To perform model-based clash detection and resolution, model review software is used.
Clash detection software is used to coordinate field conflicts by comparing 3D models (architectural, structural, MEP and civil) of building systems. The goal here is to eliminate significant conflicts before any work on-site.
- Geometry-based clash detection detects when two or more objects interfere. e.g., HVAC conduits interfering with a structural beam.
- Rule-based clash detection detects when certain coded rules are not met in the design, such as a column placed on a slab without a footing, or if a space is large enough as it should be according to building regulations or space requirements from the owner.
How it helps the QS: reduce and eliminate field conflicts; reduce RFIs; increase site productivity; and reduce change orders and cost overruns.
4D: Model-based Planning and Control
Model-based project scheduling is done by linking the 3D model parts to tasks in the construction schedule, using a 4D scheduling software, such as Vico Office, Synchro or Navisworks.
This approach makes it possible to visualise the whole construction process or just some phases of it and see how the timing of tasks affects the workflow, including resolving time-based clashes and verifying the planned sequence of works visually.
It is useful in the following:
- Phase planning – to plan occupancy in renovation projects or to show construction sequence and space requirements on the building site. Also, used to communicate how the job would be run on site, including design, phasing, site access requirements etc.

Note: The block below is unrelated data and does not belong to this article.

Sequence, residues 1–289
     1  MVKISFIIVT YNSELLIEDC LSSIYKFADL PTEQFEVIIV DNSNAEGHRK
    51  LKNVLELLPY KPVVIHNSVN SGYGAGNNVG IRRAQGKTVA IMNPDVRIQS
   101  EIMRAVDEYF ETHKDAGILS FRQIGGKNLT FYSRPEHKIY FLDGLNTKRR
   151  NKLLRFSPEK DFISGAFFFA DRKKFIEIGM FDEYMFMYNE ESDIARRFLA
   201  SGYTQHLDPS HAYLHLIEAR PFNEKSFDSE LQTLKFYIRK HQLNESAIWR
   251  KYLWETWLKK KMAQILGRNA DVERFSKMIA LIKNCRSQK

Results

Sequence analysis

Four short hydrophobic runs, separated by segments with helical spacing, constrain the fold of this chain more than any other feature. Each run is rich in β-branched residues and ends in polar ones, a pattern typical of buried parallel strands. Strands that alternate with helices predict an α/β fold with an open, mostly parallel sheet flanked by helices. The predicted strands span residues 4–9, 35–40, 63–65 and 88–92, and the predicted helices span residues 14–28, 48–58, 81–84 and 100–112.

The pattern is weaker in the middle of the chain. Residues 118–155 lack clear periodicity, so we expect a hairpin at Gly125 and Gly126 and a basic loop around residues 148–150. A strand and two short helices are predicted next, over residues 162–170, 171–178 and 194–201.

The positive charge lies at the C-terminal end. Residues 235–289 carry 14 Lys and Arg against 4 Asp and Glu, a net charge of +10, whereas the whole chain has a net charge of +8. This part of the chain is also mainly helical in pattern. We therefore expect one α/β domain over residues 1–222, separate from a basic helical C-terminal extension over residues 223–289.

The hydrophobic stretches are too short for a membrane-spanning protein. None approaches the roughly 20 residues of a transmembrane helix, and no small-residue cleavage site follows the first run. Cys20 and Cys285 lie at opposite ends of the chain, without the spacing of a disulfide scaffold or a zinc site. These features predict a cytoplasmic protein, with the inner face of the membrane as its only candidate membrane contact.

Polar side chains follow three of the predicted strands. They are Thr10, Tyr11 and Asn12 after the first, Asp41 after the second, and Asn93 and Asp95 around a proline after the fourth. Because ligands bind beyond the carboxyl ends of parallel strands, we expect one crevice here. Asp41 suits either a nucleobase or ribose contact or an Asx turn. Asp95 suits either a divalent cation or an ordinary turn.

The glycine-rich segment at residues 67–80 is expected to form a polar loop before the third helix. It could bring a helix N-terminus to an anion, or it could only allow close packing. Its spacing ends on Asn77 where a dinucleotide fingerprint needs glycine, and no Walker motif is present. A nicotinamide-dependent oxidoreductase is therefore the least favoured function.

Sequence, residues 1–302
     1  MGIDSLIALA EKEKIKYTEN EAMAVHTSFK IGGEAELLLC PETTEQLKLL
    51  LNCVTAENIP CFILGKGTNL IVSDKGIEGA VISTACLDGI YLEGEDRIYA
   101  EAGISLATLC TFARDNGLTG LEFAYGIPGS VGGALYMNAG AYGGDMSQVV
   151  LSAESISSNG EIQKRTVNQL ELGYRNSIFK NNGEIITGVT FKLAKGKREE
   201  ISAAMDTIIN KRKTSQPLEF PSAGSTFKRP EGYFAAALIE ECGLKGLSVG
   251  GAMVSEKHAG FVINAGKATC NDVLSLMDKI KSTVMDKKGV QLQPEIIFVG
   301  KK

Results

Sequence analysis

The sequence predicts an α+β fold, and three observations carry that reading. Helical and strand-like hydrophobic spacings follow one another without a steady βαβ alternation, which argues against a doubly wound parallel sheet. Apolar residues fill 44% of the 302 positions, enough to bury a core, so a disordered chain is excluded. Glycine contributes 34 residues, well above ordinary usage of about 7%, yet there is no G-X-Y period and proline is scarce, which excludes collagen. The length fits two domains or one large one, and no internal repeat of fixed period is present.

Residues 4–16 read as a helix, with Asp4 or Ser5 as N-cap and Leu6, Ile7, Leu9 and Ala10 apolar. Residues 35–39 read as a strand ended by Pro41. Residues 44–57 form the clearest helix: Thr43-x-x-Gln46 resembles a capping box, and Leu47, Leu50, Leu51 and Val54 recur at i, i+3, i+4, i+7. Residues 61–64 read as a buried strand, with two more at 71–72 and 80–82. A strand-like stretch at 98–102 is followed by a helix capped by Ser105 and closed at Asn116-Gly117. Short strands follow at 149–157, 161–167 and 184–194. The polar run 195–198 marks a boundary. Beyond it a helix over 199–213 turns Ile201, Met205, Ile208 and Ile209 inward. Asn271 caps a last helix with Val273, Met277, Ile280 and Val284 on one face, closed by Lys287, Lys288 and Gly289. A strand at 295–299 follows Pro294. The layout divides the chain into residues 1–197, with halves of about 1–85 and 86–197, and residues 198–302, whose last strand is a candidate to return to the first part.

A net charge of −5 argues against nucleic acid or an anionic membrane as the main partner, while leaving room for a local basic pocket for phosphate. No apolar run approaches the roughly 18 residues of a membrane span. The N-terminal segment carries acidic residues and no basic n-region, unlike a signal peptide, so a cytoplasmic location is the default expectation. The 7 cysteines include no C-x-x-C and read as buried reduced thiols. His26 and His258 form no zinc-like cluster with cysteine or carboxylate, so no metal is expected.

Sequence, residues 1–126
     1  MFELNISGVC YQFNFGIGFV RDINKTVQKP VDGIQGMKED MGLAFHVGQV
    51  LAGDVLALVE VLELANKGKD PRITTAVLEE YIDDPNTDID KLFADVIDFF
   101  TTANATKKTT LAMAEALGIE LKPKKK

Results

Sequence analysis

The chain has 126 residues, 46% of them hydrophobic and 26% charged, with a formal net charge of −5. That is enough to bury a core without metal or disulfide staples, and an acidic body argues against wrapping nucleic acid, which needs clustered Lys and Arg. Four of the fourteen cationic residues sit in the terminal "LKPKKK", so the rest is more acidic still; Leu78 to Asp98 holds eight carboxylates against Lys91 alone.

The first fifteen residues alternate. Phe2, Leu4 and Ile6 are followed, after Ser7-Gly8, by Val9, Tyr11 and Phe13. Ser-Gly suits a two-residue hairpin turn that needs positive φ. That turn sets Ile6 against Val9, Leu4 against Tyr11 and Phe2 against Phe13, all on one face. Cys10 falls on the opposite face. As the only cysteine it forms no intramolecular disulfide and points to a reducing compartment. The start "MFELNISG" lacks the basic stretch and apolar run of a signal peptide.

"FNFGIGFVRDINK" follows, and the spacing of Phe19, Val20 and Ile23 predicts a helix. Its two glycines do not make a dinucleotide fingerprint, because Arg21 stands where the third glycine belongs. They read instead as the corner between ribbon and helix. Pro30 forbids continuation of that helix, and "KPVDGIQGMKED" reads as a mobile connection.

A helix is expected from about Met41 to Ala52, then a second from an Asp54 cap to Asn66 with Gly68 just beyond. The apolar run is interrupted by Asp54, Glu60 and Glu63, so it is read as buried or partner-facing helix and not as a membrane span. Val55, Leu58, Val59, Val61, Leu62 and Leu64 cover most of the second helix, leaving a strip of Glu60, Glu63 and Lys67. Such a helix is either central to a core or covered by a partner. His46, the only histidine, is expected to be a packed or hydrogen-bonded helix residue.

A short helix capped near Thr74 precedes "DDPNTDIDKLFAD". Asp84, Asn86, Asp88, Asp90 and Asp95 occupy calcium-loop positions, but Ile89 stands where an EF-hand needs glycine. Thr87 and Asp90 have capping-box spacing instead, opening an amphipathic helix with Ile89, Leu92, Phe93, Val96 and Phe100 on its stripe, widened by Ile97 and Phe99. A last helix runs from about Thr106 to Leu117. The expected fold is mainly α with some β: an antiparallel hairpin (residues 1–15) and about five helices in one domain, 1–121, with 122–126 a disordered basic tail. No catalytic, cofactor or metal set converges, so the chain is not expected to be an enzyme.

- Site utilisation planning – information models are used to visualise permanent and temporary facilities on-site during the multiple phases of the construction process. The model can also be linked to the 4D schedule to convey space and sequencing requirements on site, including information or labour, material and equipment requirements and planned deliveries.
This allows for identification of potential and critical space and time conflicts; evaluation of site layout for safety concerns; and selection of a feasible construction scheme.
5D: Model-based Estimating and Quantity Take-off
5D is where the quantity surveyor plays a very central role. It involves the use of the developed model to extract quantities of materials and associated costs for estimating purposes.
Model authors need to satisfy the level of development required to support cost estimation for this to be possible.
The process involves the generation of quantity take-offs from the models and linking these to a cost database to compute a cost estimate. BIM cost metadata can be exported to QS software such as Cost X, where the QS now manipulates the model to extract building quantities, add item descriptions from their database, and come up with a bill of quantities.
Provide more accurate cost information to the owner during the early decision-making phase of the design and throughout the lifecycle, including changes in construction; reduced time on quantity take-offs and cost estimations; allow estimators to focus on more value-adding activities in estimating, such as identifying construction assemblies, generating pricing, and factoring in risks, which are essential for high-quality estimates; the visual process is highly effective; easier exploration of different design options and concepts within the owner’s budget; and quickly determining the costs of specific objects.
The ability to define the specific design modelling procedures that yield accurate quantity take-off information; the ability to identify quantities for an appropriate estimating level upfront; and the ability to manipulate models to acquire quantities usable for estimation.